Abstract: Filtration steps are ubiquitous in biotech processes due to the simplicity of operation, ease of scalability and the myriad of operations that they can be used for. Microfiltration, depth filtration, ultrafiltration and diafiltration are some of the most commonly used biotech unit operations. For clean feed streams, when fouling is minimal, scaling of these unit operations is performed linearly based on the filter area per unit volume of feed stream. However, for cases when considerable fouling occurs, such as the case of harvesting a therapeutic product expressed in Pichia pastoris, linear scaling may not be possible and current industrial practices involve use of 20–30% excess filter area over and above the calculated filter area to account for the uncertainty in scaling. In view of the fact that filters used for harvest are likely to have a very limited lifetime, this oversizing of the filters can add considerable cost of goods for the manufacturer. Modeling offers a way out of this conundrum. In this paper, we examine feasibility of using the various proposed models for filtration of a therapeutic product expressed in Pichia pastoris at constant pressure. It is observed that none of the individual models yield a satisfactory fit of the data, thus indicating that more than one fouling mechanism is at work. Filters with smaller pores were found to undergo fouling via complete pore blocking followed by cake filtration. On the other hand, filters with larger pores were found to undergo fouling via intermediate pore blocking followed by cake filtration. The proposed approach can be used for more accurate sizing of microfilters and depth filters.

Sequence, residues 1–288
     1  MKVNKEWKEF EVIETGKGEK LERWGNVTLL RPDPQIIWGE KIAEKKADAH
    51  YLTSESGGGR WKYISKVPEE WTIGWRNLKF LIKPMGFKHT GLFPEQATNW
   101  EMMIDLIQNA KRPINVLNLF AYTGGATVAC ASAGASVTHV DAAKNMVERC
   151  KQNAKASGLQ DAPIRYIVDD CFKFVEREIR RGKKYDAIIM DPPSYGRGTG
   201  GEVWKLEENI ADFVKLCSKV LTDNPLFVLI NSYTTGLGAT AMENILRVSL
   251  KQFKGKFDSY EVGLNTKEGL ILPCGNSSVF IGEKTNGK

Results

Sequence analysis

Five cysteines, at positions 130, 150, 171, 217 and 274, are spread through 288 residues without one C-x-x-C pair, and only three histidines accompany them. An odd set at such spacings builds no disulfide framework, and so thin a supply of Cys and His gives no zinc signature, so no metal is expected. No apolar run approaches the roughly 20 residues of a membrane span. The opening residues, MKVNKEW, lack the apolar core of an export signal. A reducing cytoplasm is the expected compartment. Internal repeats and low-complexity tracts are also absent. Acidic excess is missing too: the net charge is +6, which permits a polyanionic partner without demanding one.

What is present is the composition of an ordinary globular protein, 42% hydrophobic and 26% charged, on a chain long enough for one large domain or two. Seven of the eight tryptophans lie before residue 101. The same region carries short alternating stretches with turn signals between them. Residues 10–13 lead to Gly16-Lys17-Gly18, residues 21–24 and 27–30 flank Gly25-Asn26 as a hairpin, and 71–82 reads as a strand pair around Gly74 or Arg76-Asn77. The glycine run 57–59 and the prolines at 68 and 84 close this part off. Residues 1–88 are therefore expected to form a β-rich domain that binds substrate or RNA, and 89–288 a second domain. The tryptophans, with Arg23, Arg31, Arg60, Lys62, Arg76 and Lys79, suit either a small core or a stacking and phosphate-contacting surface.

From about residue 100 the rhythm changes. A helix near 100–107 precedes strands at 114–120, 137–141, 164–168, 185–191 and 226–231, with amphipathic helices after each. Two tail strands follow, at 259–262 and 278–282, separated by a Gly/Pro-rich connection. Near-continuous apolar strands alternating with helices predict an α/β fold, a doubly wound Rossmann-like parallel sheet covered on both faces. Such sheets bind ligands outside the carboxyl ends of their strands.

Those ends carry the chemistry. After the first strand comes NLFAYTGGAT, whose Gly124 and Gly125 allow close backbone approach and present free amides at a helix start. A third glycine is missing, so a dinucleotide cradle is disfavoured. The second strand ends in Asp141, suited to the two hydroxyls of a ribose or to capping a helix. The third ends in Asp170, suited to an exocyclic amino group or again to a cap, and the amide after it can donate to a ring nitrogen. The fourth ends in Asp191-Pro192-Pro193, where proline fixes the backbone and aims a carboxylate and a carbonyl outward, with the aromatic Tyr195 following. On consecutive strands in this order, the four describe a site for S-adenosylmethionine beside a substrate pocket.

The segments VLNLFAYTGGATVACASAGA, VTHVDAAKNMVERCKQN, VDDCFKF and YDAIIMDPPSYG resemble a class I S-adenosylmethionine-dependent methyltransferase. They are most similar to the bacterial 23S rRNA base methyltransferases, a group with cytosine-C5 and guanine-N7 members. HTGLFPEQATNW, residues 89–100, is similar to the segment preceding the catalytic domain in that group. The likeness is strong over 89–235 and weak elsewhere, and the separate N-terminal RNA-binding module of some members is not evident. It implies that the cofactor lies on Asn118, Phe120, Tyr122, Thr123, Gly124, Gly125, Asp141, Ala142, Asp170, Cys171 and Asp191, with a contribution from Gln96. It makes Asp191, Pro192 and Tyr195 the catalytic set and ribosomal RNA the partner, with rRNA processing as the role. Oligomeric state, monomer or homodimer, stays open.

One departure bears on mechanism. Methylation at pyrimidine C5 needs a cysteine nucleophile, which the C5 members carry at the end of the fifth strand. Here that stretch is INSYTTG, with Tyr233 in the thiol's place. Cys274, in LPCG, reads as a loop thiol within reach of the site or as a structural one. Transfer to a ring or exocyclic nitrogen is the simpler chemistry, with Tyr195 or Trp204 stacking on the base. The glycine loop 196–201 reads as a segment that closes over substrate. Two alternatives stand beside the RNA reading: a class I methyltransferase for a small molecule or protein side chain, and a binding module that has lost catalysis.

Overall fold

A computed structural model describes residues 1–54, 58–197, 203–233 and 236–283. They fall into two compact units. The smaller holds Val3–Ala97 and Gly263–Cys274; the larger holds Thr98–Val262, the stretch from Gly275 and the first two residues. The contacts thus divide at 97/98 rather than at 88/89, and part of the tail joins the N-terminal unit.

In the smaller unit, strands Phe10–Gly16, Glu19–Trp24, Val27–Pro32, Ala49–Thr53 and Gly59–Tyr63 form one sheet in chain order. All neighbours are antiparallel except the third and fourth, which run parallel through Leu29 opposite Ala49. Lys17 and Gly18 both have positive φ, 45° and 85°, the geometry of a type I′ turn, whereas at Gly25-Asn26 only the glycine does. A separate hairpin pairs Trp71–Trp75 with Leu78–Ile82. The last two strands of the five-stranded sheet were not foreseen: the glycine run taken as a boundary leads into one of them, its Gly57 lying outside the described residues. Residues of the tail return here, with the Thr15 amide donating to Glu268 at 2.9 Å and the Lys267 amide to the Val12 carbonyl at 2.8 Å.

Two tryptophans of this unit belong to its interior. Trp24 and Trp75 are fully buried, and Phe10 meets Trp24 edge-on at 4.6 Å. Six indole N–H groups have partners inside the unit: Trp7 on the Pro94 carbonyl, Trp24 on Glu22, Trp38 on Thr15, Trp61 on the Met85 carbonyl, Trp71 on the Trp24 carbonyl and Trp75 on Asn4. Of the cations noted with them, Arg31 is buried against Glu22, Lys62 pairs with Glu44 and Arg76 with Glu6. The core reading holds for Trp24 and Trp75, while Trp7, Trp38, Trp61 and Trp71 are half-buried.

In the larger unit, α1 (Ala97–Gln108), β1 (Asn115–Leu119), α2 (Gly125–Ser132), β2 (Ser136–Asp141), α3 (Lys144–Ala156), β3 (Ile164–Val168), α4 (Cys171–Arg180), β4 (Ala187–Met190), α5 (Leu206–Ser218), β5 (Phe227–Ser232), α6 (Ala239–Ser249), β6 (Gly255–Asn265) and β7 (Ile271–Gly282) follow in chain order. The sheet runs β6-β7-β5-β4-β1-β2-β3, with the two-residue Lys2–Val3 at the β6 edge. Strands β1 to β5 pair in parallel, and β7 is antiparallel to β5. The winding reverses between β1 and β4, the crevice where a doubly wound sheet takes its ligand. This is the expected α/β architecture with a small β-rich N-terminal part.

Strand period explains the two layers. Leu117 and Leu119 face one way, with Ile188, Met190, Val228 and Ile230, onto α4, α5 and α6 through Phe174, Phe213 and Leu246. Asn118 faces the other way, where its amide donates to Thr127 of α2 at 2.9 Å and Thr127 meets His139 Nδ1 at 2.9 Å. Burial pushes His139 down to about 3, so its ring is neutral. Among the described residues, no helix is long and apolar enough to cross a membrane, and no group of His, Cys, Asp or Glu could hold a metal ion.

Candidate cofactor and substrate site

Abstract: Fluorescent conjugated materials exhibiting reasonable biocompatibility that are capable of interacting with biological molecules are of interest for bio-sensing and imaging applications. Traditional approaches do not allow for the synthesis of conjugated materials in the presence of biologically relevant substrates. Further conjugated polymers synthesized using conventional methods are doped and not fluorescent. Here we explore the possibility of synthesizing fluorescent oligomers of indole using enzymes as catalyst under mild conditions. The peroxidase catalyzed coupling reaction presented here creates a photoluminescent material that allows for direct utilization (without purification and separation of the dopant) in biosensing applications. The polymerization reaction proceeds smoothly in just deionized water and ethanol. Monitoring of the absorption and fluorescence spectra over one hour shows that the concentration of both absorbing and emitting species grows steadily over time. The presence of anionic buffers and templates is shown to effectively retard the development of light emitting species and instead leads to the formation of an electrically doped conjugated polymer. Structural characterization through FTIR and 1H-NMR analysis suggests that the oligomer is coupled through the 2 and 3 positions on the indole ring.